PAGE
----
Circumstantially, things look promising for Apple. Amazon's dominant market share of ebooks has fallen since Apple and the publishers signed the Apple Agency Agreement in January 2010. Amazon was reported  to have had 90 per cent of ebooks in 2009 but that's now fallen to 60 per cent. Barnes & Nobel's share is between 25 and 30 per cent now, with Apple grabbing the rest.
The DoJ also has a mixed history on taking on tech companies: IBM, Microsoft and AT&T are the milestones. The government filed against IBM in 1969, saying the mainframe-maker was abusing its dominant market position but dropped proceedings 12 years later arguing the case was “without merit".
The Microsoft case reached a dramatic climax when the ruling judge ordered the world’s largest software company to break itself up. But that never came to pass, as the DoJ lost on appeal and case was shunted into the sidings of some rather meaningless oversight. The entire time the case was taking place, Microsoft continued to build new versions of Windows and IE.
Only on A&T has the DoJ made a mark: AT&T's domestic local business was broken up following a settlement that lead to the creation in 1984 of regional phone companies – the baby Bells. But market forces have since undermined the case, as the Bells re-constituted the company in the 1990s and 2000s to either rejoin AT&T or create America’s largest wireless company, Verizon.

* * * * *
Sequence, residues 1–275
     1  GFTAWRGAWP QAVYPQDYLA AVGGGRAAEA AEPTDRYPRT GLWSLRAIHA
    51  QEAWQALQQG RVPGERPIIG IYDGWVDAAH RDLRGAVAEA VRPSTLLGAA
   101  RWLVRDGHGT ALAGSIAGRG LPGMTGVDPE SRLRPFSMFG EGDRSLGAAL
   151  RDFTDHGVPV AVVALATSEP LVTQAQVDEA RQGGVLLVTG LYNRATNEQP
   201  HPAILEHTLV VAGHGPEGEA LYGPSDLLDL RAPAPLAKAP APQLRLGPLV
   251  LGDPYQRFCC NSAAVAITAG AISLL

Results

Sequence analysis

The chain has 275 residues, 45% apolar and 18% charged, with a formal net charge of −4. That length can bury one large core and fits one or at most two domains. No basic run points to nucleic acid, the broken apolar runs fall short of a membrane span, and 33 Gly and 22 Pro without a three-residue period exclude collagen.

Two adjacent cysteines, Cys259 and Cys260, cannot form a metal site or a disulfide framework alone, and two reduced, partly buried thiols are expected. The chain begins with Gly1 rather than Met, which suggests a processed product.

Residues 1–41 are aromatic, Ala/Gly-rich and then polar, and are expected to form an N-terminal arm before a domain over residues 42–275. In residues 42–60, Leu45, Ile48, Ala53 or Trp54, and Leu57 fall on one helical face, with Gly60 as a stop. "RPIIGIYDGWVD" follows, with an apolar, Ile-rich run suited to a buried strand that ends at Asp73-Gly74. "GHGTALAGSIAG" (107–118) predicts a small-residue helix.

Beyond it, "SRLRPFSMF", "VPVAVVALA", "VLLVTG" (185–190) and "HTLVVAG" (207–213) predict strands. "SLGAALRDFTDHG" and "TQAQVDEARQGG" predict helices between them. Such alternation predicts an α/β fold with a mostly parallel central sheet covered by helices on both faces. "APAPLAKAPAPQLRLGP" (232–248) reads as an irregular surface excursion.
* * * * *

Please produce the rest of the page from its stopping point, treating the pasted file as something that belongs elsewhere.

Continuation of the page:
Just the facts, ma'am
Based on its statement, Apple will likely adopt a defence that is classic tech sector speak – and which borrows heavily from Microsoft versus the DoJ. That defence is that its actions did not hurt but in fact helped innovation. Tech companies like to counter that they have improved the computer experience for ordinary end users while creating opportunity for partners.
Like Microsoft, Apple will discover that "innovation" is a weak and subjective basis for defence and one the Feds aren't interested in attacking too hard.
The reason is because the crux of the case is antitrust under the Sharman Act, and whether Apple held a dominant position that it abused, hurting customers, competitors and - thus - the market. Under US law, it is not illegal to be a monopoly. The problem comes if a monopolist tries to consolidate its position using, say, price-fixing or threats.
Integration versus bundling
The market-share stats are in the government’s favour. While Apple’s share of the ebooks market is smaller than that of Amazon, its reader device – the iPad – is dominant. Admittedly, the iPad is a multi-function unit while Amazon’s Kindle does just one thing. Apple has 54 per cent of the tablet market compared to 16 per cent for the Kindle Fire.